A branch member, our dear friend and a lifelong Labour comrade and activist, Les Jones died earlier this month. Branch chair Angeliki Stogia has written a personal tribute:
It was June 2010 when I first met Les at the Whalley Range Labour Party branch meeting. Some of you reading this may not have been to a local party meeting. You may think as I did that it would be all political chat. It felt like a forum for discussions immersed in processes and procedures. It was like a first date, bit awkward, bit not sure what to say and when and trusting your instincts: balancing the gut feeling to go with the flow and listen, with the urge to talk – but remembering to mark the safest and nearest exit.
Les invited me to sit next to him. With the most charming cheeky smile, he drew me into an upbeat conversation about the recent national elections and the result. He asked me questions about where I live, if I like the area, when I joined the Party, what did I want out of my membership, and why I took the decision to come to the branch on that beautiful evening. Little did I know that what Les was really doing – in his most charming and disarming way – was sussing me out, like a teacher with a new pupil, like a mentor and a new mentee developing right there and then from the word ‘hello’; the foundation of a solid comradely relationship that would develop, tried and tested as we faced all the challenges of campaigning in Whalley Range and across Manchester.
Over the next few months I found out how valuable Les was in his local community. A founding member of the Beech Band, an able recruiter of other musicians and singers – again using his charm and disarming manner! The Beech Band played at local and regional events and venues. He encouraged others to join Clog dancing, walking and other similar groups.
Les cared about people. He cared about how they felt and sought to find peoples’ passions and opened their eyes on how they could find more ways to develop their interests and talents. In short he had a way of inspiring people.
When I was not engaged in politics in the way I am now, my perception was that party activists could be obsessives who spent time trying to push water uphill, who go to marches and rallies for goals rarely achieved or issues that are hard to influence or change. Les chipped away this perception bit by bit replacing it with his great appreciation and understanding of how people can be engaged in so many different ways and how the members of our party can support our cause for social justice even in the tiniest thing that they do for their community.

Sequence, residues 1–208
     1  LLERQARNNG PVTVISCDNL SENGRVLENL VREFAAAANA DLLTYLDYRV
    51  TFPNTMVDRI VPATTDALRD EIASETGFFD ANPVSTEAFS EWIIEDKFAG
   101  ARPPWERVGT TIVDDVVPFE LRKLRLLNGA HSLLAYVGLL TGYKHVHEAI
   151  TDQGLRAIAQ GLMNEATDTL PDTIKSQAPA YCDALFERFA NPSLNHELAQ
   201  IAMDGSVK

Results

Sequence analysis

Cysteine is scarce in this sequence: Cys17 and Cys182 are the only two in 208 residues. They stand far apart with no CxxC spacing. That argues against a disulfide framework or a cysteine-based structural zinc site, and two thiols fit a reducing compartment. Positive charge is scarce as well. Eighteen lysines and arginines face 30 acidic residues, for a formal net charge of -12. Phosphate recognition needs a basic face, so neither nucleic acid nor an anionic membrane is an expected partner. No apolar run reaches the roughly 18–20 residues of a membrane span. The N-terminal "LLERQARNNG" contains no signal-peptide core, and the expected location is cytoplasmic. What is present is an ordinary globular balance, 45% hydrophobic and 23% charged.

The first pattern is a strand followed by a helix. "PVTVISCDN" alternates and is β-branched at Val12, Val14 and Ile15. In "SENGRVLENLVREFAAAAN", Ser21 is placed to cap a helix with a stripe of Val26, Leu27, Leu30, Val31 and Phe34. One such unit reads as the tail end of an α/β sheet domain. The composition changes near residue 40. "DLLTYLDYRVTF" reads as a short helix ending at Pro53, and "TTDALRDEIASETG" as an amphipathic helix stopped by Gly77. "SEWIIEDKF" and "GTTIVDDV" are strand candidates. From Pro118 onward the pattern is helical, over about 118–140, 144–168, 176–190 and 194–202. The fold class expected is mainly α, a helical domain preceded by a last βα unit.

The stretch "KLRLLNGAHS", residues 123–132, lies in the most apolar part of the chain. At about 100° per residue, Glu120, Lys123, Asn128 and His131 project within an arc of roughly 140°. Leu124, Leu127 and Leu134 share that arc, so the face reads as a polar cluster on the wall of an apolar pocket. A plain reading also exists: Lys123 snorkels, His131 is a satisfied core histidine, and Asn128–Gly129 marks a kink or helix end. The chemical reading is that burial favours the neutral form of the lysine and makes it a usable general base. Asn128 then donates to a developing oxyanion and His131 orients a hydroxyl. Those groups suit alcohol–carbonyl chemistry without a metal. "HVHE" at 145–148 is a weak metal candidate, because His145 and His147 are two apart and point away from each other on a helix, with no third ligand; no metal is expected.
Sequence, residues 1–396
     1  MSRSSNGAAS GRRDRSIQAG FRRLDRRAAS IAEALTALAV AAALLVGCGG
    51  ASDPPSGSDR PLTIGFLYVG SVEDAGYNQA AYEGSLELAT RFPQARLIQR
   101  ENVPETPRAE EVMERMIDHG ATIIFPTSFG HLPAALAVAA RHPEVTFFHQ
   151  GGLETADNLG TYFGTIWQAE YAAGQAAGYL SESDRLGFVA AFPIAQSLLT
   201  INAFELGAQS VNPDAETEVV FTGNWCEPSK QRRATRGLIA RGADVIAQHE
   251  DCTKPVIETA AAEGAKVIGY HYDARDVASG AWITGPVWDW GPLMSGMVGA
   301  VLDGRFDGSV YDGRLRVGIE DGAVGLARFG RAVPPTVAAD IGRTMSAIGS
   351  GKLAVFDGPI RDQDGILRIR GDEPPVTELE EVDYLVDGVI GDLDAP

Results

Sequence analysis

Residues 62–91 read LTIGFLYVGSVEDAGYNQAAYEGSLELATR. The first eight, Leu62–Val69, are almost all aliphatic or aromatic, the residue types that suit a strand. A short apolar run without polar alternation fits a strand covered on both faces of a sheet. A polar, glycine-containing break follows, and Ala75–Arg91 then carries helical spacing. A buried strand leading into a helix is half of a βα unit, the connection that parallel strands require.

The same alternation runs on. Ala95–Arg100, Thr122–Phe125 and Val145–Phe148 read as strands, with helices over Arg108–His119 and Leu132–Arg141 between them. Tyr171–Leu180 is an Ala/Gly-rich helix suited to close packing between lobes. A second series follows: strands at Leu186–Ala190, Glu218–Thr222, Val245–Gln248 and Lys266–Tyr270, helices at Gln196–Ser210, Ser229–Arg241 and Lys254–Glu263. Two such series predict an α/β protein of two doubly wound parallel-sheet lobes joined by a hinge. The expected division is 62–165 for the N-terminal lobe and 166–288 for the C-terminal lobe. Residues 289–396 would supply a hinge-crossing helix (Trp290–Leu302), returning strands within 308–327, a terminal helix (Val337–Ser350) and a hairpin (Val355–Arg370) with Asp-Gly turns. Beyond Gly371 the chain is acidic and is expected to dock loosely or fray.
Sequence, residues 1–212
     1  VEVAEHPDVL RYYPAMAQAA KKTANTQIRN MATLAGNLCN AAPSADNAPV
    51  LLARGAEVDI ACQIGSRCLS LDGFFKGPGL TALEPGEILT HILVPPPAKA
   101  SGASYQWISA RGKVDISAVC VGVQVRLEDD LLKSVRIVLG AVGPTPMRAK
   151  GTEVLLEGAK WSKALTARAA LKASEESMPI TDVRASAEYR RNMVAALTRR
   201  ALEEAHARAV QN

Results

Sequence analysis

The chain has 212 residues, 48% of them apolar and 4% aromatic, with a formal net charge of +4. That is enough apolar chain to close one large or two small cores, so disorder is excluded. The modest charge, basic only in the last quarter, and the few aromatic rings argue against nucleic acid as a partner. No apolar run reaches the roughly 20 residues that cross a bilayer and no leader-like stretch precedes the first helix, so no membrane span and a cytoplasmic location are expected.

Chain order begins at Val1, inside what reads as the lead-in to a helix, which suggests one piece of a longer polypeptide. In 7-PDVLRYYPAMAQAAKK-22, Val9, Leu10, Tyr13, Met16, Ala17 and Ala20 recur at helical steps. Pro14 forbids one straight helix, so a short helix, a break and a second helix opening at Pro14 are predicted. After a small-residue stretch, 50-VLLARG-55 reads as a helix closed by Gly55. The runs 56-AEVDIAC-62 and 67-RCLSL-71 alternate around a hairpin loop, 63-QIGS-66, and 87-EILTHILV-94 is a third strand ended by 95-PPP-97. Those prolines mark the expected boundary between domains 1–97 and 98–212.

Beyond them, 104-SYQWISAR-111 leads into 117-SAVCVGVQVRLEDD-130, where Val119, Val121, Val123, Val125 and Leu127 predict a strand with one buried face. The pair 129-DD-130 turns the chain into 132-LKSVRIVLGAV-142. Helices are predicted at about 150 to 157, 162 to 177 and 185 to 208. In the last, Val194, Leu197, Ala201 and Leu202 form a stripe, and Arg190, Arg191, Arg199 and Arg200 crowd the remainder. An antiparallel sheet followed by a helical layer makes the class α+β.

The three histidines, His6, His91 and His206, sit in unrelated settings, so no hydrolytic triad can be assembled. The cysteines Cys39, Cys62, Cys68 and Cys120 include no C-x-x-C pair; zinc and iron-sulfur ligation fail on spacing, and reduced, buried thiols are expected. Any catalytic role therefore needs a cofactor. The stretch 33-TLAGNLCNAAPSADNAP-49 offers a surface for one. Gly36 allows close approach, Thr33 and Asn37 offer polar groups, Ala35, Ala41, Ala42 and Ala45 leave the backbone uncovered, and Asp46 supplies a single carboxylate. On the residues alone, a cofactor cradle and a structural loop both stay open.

Les spent time to devise new ways that the branch can reach out to people and how branch meetings should be conducted in a way that engages members using all his mastery and years of experience to engage with our ever growing membership in fun and exciting ways. So the branch meetings became more exciting with activities like who knows the most party members in the ward, throwing down challenges to pop round and ask the closest neighbour for sugar or dropping postcards to members nobody knew and never responded to any contact.
Les was also the master of events. I was astonished when time after time he had asked me to find the time to see the Beech Band in which he played the guitar, banjo and mandolin. When I did I found so much warmth and such a positive and engaged atmosphere. It was a huge pleasure to be there to notice how the band has achieved to welcome and bring together so much talent in a supportive, fun way. Les was also our quizmaster for our fundraisers. He put together questions based on who he was expecting to be in the room, their interests, and choosing subjects that built on the knowledge from conversations he’d had with those who he knew would be there. It was on this stage that Les demonstrated his sense of humour, wry, imaginative and sometimes caustic but always funny. The infamous Whalley Range Shakespeare fundraiser in which local and national politicians read/ acted amended pieces from the Bard’s plays is still discussed in the Town Hall.
But lastly and more importantly Les was a great friend. He leaves us with a great challenge to continue his work. He may have passed away but his memory will remain very much alive.